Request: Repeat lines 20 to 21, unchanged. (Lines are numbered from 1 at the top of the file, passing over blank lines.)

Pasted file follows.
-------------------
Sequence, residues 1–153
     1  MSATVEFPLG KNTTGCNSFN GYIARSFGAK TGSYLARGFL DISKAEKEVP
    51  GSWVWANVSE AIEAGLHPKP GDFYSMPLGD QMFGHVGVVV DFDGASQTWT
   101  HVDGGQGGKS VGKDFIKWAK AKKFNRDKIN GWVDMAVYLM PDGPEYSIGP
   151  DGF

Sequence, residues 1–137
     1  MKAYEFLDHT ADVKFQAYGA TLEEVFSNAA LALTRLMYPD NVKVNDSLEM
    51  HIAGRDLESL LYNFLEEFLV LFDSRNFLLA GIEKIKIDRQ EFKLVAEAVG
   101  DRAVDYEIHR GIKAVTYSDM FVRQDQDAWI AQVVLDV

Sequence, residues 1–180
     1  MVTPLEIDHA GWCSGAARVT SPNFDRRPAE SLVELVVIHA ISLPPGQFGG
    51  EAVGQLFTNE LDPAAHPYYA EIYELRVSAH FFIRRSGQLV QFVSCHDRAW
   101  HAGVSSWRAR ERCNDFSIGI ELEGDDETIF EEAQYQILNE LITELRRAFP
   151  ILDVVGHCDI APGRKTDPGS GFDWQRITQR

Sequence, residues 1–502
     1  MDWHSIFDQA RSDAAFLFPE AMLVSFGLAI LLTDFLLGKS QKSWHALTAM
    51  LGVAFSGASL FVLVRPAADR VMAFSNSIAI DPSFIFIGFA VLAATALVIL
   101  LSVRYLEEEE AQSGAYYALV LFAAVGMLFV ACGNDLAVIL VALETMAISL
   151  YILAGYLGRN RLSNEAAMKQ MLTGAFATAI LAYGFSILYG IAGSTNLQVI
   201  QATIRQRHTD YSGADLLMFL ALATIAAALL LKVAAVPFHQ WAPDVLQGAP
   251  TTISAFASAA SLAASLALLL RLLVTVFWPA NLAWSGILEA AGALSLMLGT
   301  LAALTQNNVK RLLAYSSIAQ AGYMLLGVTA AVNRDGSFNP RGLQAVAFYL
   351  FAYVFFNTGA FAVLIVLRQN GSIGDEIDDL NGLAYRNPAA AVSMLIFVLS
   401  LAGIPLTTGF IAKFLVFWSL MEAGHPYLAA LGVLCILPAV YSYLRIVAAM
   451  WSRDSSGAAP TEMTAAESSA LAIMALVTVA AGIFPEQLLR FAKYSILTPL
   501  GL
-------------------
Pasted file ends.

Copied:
   201  QATIRQRHTD YSGADLLMFL ALATIAAALL LKVAAVPFHQ WAPDVLQGAP
   251  TTISAFASAA SLAASLALLL RLLVTVFWPA NLAWSGILEA AGALSLMLGT